The executive branch of the federal government has been stubborn in its opposition to fighting climate change, but at the local level, many U.S. cities are taking climate matters into their own hands. According to The Hill, 10 more cities have joined Chicago Mayor Rahm Emanuel in signing the Chicago Climate Charter, a pledge to fight climate change in spite of President Donald Trump’s decision to pull out of the Paris agreement. There are now 67 cities on board.
“While the Trump administration continues to bury their heads deeper in the sand when it comes to climate change, local leaders are confronting the challenge head-on,” Emanuel said.
Louisville, Ky.; San Jose, Calif.; Saint Paul, Minn.; and Boulder, Colo. were among the new cities joining Chicago’s pledge to reduce its carbon footprint. The Chicago Climate Charter has also been endorsed by the leaders of several major cities outside the United States, including Mexico City, Vancouver, and Paris.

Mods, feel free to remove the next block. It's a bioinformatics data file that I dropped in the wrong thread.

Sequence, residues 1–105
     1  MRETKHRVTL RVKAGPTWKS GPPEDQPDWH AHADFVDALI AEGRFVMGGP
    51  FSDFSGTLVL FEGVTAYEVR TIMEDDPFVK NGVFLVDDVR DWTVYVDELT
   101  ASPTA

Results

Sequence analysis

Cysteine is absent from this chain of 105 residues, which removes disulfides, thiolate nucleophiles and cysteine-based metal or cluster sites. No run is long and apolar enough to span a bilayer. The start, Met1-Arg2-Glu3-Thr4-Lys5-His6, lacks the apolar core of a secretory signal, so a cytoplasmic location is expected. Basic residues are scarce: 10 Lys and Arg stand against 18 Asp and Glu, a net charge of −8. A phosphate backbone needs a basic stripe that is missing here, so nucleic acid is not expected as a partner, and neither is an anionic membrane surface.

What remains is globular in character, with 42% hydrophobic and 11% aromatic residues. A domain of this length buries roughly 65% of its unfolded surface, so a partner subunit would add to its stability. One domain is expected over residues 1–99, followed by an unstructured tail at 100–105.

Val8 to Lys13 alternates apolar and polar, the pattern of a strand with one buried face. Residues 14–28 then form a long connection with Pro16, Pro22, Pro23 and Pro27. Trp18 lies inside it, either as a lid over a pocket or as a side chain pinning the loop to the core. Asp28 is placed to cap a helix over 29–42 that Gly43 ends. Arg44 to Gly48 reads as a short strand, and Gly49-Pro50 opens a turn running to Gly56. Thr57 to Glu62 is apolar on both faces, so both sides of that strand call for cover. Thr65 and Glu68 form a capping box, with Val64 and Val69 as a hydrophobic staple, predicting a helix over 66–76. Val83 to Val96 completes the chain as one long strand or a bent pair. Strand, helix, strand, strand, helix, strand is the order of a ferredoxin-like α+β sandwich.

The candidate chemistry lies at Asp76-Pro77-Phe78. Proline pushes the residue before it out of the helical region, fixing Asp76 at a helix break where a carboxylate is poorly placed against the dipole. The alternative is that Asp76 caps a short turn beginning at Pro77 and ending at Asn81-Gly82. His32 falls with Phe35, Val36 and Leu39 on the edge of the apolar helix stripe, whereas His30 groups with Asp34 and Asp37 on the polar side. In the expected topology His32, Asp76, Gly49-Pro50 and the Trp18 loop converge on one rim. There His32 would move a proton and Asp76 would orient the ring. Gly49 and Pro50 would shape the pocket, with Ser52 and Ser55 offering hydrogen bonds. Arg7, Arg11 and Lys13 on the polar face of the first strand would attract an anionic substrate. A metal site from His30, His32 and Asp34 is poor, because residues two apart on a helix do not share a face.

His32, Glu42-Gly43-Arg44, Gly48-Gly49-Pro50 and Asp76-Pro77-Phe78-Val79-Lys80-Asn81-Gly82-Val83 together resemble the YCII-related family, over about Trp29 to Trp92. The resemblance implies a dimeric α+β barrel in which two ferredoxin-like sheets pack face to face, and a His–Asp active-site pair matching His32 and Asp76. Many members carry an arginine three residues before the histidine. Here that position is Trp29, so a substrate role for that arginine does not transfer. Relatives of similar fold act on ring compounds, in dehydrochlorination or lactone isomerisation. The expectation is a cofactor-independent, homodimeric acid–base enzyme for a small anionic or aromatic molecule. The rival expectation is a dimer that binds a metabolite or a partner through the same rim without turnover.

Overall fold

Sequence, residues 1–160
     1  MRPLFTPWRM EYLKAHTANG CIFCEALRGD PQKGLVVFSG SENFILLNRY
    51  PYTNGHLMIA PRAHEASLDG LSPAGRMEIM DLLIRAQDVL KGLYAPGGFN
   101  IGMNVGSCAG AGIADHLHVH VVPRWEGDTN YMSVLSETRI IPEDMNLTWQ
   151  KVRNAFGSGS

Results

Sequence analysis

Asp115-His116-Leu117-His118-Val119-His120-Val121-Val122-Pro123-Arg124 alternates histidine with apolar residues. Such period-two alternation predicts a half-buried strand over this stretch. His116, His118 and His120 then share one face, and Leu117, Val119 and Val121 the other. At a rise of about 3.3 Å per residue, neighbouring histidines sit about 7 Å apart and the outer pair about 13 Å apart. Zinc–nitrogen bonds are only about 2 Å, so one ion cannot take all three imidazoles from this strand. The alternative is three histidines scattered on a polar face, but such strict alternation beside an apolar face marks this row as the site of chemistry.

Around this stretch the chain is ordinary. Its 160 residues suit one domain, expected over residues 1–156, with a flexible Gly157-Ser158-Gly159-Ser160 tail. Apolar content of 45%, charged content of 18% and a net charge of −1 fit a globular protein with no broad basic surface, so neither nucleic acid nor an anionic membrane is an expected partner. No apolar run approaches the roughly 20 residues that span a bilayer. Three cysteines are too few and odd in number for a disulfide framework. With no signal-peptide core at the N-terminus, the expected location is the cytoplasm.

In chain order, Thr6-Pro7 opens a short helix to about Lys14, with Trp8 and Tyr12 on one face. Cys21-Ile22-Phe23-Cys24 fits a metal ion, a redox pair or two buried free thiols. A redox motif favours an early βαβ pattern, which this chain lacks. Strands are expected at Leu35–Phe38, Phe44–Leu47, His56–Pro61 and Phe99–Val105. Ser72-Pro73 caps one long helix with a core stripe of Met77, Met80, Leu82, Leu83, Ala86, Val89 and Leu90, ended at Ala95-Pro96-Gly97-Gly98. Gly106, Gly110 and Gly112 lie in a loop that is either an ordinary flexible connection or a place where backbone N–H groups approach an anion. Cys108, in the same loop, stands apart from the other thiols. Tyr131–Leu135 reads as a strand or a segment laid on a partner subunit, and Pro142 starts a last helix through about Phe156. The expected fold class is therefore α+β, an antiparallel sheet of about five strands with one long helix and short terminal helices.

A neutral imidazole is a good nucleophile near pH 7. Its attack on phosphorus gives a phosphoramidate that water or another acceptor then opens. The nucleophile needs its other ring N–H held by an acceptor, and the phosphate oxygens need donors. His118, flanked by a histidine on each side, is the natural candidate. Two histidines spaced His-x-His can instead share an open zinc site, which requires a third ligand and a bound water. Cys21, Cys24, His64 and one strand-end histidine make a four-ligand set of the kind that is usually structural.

Trump pulled the U.S. out of the Paris agreement in June. At that time, he argued that the climate commitment was unfair to Americans “at the highest level.” This made the U.S. the only country in the world to oppose the agreement; Nicaragua and Syria, two other notable skeptics, ultimately decided to get on board in late 2017.
Even with Trump opposed, leaders of local governments across America have remained optimistic that they can do their part to combat climate change. Crain’s Chicago Business noted that former President Barack Obama has been a key figure rallying support for this movement. In an event in Chicago earlier this month promoting the Chicago Climate Charter, he opined in a speech that cities, states, businesses and nonprofits are the new faces of American leadership on climate change.
Chicago has been aggressive about leading by example when it comes to climate change. Originally, the hope was that Chicago could be procuring 100 percent renewable energy for its municipal electricity needs by 2025. Emanuel has since shortened that timeline to 2022. Additionally, he’s encouraging local government organizations to use cleaner fuels for diesel trucks and buses.